Michael Hill, pro se 90-B-0732 Southport Correctional Facility Pine City, NY, for plaintiff.
J. Richard Benitez, A.A.G., New York State Attorney General's Office, Rochester, NY, for defendants.
DECISION & ORDER
CHARLES J. SIRAGUSA, District Judge.
This prisoners' rights case is before the Court on Plaintiff's motion for reconsideration filed October 17, 2013, ECF No. 58. For the reasons stated below, Plaintiff's motion for reconsideration is denied.
Michael Hill ("Plaintiff"), a prison inmate currently in the custody of the New York State Department of Corrections and Community Supervision ("DOCCS"), brought a pro se civil rights action pursuant to 42 U.S.C. § 1983 against DOCCS employees ("Defendants") for alleged violations of his First Amendment constitutional rights in connection with the way his mail was handled while he was incarcerated at Southport Correctional Facility ("Southport"). On January 11, 2013, the Court denied Plaintiff's motion for summary judgment, granted Defendants' motion for summary judgment, and dismissed the amended complaint in its entirety. ECF No. 47. On February 8, 2013, the Court denied Plaintiff's motion to reconsider the summary judgment decision. ECF No. 52.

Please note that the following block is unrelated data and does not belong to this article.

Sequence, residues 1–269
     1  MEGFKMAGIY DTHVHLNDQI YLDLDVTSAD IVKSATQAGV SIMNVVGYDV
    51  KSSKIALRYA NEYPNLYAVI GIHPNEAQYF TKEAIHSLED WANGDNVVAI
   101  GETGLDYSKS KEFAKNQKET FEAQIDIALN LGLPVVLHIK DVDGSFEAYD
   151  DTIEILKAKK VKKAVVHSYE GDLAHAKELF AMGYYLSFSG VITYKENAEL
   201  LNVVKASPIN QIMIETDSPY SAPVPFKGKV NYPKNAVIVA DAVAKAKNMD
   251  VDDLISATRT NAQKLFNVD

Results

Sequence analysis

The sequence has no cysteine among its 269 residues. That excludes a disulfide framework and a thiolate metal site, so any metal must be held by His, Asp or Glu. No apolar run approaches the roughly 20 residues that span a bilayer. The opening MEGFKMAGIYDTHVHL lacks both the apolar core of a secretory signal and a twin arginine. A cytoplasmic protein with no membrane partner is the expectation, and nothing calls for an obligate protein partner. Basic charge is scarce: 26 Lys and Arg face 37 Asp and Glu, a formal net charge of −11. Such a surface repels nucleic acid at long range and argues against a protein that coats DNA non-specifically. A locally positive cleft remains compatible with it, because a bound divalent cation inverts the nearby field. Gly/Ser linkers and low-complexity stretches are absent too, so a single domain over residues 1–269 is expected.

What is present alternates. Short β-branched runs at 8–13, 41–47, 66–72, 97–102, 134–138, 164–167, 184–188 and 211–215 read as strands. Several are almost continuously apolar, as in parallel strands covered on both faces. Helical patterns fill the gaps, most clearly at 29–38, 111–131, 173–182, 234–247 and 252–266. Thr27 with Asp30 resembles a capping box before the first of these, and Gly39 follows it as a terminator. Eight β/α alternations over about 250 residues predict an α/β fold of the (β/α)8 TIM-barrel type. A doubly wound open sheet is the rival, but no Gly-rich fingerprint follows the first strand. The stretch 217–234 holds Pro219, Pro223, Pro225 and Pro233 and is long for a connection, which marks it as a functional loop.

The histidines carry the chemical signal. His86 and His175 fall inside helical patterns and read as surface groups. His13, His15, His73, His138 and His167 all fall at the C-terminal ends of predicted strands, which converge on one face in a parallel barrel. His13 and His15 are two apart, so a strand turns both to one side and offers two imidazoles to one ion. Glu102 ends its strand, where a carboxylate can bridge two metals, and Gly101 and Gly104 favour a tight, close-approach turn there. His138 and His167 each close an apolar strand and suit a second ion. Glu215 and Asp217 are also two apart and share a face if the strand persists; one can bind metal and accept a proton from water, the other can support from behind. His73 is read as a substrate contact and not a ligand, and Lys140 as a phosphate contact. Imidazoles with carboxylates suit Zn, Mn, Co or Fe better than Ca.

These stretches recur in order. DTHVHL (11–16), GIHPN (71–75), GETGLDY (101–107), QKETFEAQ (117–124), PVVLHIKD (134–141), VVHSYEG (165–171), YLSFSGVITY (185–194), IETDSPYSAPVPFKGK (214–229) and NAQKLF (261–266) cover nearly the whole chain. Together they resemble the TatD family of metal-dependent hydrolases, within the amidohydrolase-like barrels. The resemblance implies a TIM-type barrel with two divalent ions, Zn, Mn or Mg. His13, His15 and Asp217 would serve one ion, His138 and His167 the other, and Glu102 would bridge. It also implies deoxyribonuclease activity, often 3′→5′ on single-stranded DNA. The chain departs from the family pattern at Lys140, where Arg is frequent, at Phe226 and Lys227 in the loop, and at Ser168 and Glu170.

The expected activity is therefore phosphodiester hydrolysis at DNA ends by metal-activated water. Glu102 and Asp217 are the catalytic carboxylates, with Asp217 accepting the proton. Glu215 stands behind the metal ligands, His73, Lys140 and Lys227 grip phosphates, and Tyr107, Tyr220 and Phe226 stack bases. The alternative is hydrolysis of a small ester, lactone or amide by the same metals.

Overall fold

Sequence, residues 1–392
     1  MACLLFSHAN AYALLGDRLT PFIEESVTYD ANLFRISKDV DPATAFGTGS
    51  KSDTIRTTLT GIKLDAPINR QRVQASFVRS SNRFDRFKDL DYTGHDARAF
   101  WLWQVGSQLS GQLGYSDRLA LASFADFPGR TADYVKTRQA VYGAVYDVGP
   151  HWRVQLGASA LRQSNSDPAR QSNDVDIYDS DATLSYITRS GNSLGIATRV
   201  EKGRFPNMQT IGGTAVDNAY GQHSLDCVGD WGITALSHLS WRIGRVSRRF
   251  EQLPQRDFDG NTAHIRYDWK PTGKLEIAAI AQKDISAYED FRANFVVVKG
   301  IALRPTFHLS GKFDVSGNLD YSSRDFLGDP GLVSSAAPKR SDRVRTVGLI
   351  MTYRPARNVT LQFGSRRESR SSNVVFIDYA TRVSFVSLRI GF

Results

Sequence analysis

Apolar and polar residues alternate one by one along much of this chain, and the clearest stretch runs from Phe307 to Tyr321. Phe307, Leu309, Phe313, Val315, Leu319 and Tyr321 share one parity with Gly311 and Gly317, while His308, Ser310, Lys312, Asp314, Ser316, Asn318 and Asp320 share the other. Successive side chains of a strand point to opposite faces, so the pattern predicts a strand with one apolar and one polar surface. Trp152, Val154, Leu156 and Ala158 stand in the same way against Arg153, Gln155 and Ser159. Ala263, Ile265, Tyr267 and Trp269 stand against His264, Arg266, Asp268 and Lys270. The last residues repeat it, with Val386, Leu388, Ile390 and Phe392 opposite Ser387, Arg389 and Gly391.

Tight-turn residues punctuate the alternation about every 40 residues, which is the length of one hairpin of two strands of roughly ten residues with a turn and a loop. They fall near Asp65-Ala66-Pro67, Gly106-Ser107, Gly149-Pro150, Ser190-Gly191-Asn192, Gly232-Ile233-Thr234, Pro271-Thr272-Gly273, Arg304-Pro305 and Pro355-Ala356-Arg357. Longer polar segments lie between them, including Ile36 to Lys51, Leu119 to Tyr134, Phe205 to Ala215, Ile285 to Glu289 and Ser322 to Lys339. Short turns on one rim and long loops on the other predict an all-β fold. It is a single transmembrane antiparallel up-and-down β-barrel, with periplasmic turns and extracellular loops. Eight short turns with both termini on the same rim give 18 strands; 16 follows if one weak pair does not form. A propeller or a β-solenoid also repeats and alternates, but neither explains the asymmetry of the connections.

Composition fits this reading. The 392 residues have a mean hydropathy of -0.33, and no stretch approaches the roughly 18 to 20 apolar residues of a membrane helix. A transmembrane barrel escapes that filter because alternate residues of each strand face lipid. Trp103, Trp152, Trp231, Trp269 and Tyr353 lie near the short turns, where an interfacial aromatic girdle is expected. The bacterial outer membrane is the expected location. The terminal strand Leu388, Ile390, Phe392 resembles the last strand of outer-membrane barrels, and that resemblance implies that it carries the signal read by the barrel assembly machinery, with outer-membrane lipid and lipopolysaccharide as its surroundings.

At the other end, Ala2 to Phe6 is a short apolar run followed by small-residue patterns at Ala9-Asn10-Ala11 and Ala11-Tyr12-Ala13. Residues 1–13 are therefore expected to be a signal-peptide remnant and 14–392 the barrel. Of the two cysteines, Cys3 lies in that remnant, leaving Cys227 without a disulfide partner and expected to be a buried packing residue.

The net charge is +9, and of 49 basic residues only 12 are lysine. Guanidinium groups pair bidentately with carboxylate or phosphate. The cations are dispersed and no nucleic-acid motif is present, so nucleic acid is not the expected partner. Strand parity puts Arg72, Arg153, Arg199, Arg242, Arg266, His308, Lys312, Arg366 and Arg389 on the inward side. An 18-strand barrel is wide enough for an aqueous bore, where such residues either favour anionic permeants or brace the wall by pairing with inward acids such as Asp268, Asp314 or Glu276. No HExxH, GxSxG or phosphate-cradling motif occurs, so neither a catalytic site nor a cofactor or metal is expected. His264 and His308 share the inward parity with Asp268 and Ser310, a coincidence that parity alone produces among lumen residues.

On July 17, 2013, the Second Circuit dismissed Plaintiff's appeal because it "lacked an arguable basis in law or fact." ECF No. 57. On October 17, 2013, Plaintiff filed a second motion for reconsideration of the summary judgment decision, and in the alternative requested an evidentiary hearing to "marshal the facts stated on the face of the complaint overlooked by the court unreasonably."
STANDARDS OF LAW
As the Fifth Circuit has recognized, "[t]here is no motion for reconsideration' in the Federal Rules of Civil Procedure." See Hamilton Plaintiffs v. Williams Plaintiffs, 147 F.3d 37, 371 n. 10 (5th Cir. 1998). Since the Federal Rules of Civil Procedure do not expressly provide for motions for reconsideration, such a motion may be construed as a motion to alter or amend judgment under Rule 59(e) or Rule 60(b). See Osterneck v. Ernst & Whinney, 489 U.S. 169, 174 (1989).
The standard for granting.... a motion [for reconsideration] is strict, and reconsideration will generally be denied unless the moving party can point to controlling decisions or data that the court overlooked-matters, in other words, that might reasonably be expected to alter the conclusion reached by the court.... [A] motion to reconsider should not be granted where the moving party seeks solely to relitigate an issue already decided.
Shrader v. CSX Transp., Inc., 70 F.3d 255, 257 (2d Cir. 1995).
Further, "Rule 60(b) is designed to strike a balance between serving the ends of justice and preserving the finality of judgments. A motion for relief from judgment is generally not favored and is properly granted only upon a showing of exceptional circumstances." Freedom, N.Y., Inc. v. United States, 438 ...